TCS Daily

Buying a Car in Pakistan

By Khalil Ahmed - May 19, 2004 12:00 AM

Last week, the Pakistani government placed an order for a luxurious Mercedes Cardiac ambulance at a cost of more than 13 million rupees (about $225,000). The vehicle, first of its kind, will be used exclusively by a select group of VIP patients in the capital, Islamabad. No doubt the privileged few will include civil and military bureaucrats and so-called "representatives of the people."

But, at the same time, a large number of taxpaying people eager to buy a car are being denied a fair deal. Over the past couple of years the local car industry, which suffered negative growth of 24 percent during 1999-2000 due to lax demand, has witnessed a steep rise in demand that it is unable to meet. Needless to say, local car manufacturers and vending industries are exploiting this gap between supply and demand to their maximum benefit, and to the detriment of the consumer. Various factors, including car financing schemes introduced by local and foreign banks and a disarrayed transport system, have conspired in this situation. But the government ministries and officials concerned are also accomplices.

Misusing high tariff protection, which currently reaches to 150 percent on some vehicles, car manufacturers are selling their cars at twice the international market price. They charge full down payment at the time of booking and give a delivery date ranging from two to eight months. (According to some estimates, this period may extend from six months to two years.) For a spot delivery, the buyer has to pay a premium of 30,000 to 150,000 rupees, depending on the make and model of the car.

After persistent complaints from the few quarters advocating the interests of consumers, the federal cabinet agreed in February to reduce the import duty on completely knocked-down (CKD) and completely built-up (CBU) cars by 20-50 percent. Car dealers saw this as a mere eyewash -- a gentle rebuke to local car manufacturers that won't encourage the import of new cars. How can it? Even under the new duty structure, the price of an imported 800cc car is still higher than the price of the same locally assembled 1000cc car. A substantial reduction could make a difference; but that would harm that sacred cow; local industry.

The local car industry, even after years, is still heavily protected. Its vending industry, which provides it with parts and accessories, enjoys zero import duty on raw materials, and just 5 percent duty on the import of sub-components. What else do they need? A hapless people in need of personal cars with no free choice! Thanks to the government's protectionist policy, they already have these in abundance. People have no choice but to buy whatever the local auto industry offers them: no variety, no quality, an inflated price and a long wait. There are hardly 12 models in the local market, but if Pakistan opted for free trade, Pakistanis could choose from a range of more than 150 models with various prices and far better quality.

The crux of the matter is free trade: high tariffs on the import of new cars and a restriction to import re-conditioned cars have thrown cars way out of the reach of many people. So who does it benefit? Only the few that work in the local auto industry. To safeguard these few, the interests of the majority are being sacrificed on the altar of Localism, Nationalism, and Local Industry. So what if we are self-sufficient in car production! What does that mean for the consumer? Nothing!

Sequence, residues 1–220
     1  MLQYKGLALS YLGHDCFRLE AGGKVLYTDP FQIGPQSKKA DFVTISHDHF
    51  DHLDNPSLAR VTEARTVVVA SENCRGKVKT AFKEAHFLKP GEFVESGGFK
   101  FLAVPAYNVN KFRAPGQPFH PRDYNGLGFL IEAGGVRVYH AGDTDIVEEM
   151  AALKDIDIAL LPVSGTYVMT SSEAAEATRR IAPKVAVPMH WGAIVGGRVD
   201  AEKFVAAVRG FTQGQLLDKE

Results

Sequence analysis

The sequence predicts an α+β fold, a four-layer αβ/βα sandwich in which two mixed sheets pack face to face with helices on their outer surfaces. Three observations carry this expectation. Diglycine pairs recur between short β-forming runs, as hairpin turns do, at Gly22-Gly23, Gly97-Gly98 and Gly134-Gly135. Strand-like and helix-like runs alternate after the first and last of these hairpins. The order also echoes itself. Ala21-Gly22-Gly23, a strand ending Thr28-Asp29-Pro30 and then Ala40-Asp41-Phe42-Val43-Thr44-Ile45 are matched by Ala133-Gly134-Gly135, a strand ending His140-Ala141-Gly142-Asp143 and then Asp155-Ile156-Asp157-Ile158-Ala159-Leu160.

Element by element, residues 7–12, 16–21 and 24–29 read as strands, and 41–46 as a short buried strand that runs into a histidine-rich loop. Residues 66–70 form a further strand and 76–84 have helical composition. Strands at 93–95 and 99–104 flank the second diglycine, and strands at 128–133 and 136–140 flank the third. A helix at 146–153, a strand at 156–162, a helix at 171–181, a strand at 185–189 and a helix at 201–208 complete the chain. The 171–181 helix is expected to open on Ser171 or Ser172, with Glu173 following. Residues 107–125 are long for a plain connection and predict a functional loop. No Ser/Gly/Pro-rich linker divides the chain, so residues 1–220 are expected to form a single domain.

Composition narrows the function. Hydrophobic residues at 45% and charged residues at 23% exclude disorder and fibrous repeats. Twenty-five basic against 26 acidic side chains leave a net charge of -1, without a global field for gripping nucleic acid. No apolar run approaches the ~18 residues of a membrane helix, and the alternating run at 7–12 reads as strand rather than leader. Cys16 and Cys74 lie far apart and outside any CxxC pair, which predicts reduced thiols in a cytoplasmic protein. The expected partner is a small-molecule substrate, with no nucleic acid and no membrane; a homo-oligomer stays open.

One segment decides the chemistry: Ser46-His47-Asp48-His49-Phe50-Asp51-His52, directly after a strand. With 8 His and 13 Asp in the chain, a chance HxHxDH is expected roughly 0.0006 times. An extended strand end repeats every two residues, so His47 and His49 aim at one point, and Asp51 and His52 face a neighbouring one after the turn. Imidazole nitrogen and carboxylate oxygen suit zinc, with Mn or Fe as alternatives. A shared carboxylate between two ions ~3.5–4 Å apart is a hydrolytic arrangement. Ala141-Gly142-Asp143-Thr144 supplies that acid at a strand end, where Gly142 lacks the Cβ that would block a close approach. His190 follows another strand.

Some time ago, the government was peddling the slogan: "Be Pakistani, Buy Pakistani." What that really meant was: Be patriotic, buy low-quality, over-priced goods. Conversely, if the government reduces or minimizes the duty on the import of new cars, the price of cars will slide to an affordable level and the number of car owners in Pakistan will almost be doubled. If the restriction on the import of re-conditioned cars is lifted, this number may treble.

The fight is on. Local auto industry and its allied units enjoy a privileged position, which naturally they wish to defend. (They had a victory last year when they succeeded in stopping import of low priced Chinese 600cc car.) They are putting maximum pressure on the government not to reduce duty on the import of new cars, and not to allow the import of second-hand cars either. Meanwhile their opponents, car importers and consumer advocacy groups, are demanding at the very least a reduction in the import duty on new cars and a limited-period permission to import used cars.

But even if they win, the victory is likely to be short-lived. The official political philosophy in Pakistan hinges on a stolid protectionism. The government has applied for yet another exemption from WTO trade rules which are due to be implemented from 2005.

Only a demonstrable shift in public opinion disfavoring restrictions on free trade is likely to bring lasting change to the protectionist climate. Meanwhile it is tragic that in a world of countless cars, where high quality vehicles are churned out of plants every day, political boundaries have divided the world market into a plethora of smaller closed markets where people are tantalized with the idea of owning a car, but are denied the right to have one.

The author is president and founder of the Alternate Solutions Institute, Pakistan's first free-market think tank.


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